NEW YORK (TheStreet) - Blackouts, hacking scandals and threats to the pay-TV model be damned, the stocks of major U.S. media companies keep on rolling.
Led by Walt Disney (DIS), CBS (CBS) and 21st Century Fox (KMX), the S&P 500 Media Index has gained 30% this year, easily outdistancing the S&P 500 composite, which has advanced a nothing-to-scoff-at 18%, poised for its best year since 1997.
Disney has benefited from the strength of advertising at ABC and fees paid to carry ESPN to beat analysts' earnings forecast in each of the past nine quarters. While the films group has underperformed, Disney said Thursday it will buy back $6 billion to $8 billion of its stock beginning next year, a reflection of the company's health. Shares of the world's largest entertainment company rose 2.4% to close at $65.49, extending its 2013 advance to 32%.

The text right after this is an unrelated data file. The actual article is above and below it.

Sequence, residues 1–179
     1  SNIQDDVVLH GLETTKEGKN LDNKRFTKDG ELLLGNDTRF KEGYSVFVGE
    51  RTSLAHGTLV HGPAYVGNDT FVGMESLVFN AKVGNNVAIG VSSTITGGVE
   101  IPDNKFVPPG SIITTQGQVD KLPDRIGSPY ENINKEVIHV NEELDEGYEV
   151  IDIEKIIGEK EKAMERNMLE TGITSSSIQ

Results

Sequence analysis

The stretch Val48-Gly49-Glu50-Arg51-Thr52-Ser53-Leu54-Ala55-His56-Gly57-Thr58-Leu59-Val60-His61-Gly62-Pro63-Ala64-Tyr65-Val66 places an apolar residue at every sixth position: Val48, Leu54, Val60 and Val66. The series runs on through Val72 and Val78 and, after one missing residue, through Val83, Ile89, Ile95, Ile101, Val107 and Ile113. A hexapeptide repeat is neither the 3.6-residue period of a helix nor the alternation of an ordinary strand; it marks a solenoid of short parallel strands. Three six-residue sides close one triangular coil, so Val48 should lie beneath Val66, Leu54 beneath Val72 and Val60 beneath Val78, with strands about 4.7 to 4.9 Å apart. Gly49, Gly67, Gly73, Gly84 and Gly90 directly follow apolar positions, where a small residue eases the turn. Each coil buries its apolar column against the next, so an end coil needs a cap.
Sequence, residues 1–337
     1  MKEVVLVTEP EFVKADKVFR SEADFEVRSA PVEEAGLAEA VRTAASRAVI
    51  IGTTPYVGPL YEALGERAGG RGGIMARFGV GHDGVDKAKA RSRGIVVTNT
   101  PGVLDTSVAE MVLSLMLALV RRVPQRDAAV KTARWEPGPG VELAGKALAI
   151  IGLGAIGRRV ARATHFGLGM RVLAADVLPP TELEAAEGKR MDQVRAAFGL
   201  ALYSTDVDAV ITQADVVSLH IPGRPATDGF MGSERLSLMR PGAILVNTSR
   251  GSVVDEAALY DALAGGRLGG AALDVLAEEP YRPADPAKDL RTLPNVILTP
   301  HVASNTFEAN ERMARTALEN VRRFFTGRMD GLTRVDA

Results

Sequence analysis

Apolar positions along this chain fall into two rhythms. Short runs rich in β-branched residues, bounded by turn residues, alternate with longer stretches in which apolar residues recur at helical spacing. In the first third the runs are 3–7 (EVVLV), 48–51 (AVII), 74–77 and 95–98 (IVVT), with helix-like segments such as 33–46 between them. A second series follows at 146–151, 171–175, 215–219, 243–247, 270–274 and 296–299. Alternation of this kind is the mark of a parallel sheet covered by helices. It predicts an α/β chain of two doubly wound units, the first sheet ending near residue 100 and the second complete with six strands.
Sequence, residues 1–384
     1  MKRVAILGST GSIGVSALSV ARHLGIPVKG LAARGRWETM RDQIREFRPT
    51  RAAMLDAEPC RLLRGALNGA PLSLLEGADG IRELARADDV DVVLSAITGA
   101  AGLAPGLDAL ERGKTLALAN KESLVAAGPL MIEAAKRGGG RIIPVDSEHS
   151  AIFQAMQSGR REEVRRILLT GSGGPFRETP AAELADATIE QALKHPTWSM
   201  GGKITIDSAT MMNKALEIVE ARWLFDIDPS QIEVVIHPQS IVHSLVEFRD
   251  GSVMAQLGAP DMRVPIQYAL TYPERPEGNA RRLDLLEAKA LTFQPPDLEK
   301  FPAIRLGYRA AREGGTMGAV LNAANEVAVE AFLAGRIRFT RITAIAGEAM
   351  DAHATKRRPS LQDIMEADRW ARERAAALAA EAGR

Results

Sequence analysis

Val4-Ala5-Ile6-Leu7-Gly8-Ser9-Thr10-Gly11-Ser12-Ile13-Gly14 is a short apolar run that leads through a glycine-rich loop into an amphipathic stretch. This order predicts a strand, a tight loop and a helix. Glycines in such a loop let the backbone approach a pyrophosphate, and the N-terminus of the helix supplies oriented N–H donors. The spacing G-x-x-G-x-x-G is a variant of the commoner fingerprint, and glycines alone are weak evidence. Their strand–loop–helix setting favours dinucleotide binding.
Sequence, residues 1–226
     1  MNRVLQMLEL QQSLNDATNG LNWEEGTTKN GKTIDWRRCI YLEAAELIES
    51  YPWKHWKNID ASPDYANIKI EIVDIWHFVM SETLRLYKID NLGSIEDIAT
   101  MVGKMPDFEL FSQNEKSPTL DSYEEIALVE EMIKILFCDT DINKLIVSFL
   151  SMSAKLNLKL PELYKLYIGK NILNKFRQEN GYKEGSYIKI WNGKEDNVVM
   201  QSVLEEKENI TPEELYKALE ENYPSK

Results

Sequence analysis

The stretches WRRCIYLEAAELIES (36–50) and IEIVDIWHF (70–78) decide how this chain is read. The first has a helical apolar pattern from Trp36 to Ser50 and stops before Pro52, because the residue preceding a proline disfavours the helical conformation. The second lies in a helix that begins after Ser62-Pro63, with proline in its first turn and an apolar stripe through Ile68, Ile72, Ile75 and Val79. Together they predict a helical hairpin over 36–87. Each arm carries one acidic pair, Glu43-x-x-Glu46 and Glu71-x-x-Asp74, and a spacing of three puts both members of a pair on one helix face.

But Disney isn't alone. Media company stocks have been energized by steady and nearly unbroken increases in profits and sales. CBS, for instance, has beaten analyst quarterly forecasts in 15 of the past 16 quarters. Behind those numbers are trends that repudiate, at least for the short term, the notion that content producers would struggle in the age of portable electronic devices and increasing sources of programming.Even after media company have hit record highs, their stocks are being valued just slightly higher than the benchmark S&P 500, which trades at 16.1 times members' earnings. In most cases, analysts view these shares as not yet too expensive. According to data compiled by Bloomberg, CBS and Viacom are trading at 19 times earnings while Time Warner posts a valuation of 17 times and Disney is at 20 times. Meanwhile, 21st Century Fox, by virtue of its split from News Corp. (NWSA), comes in at a more weighty 40 times, according to Bloomberg data. James M. Marsh, media analyst at Piper Jaffray, says media companies are successfully obtaining affiliate fees from local television station owners and retransmission payments from cable- and satellite operators. Netflix (NFLX) and Amazon (AMZN), the two biggest purveyors of video-on-demand programming, are being viewed as friendly rivals, rather than sharks intent on breaking the business model that has sustained content producers for 30 years.
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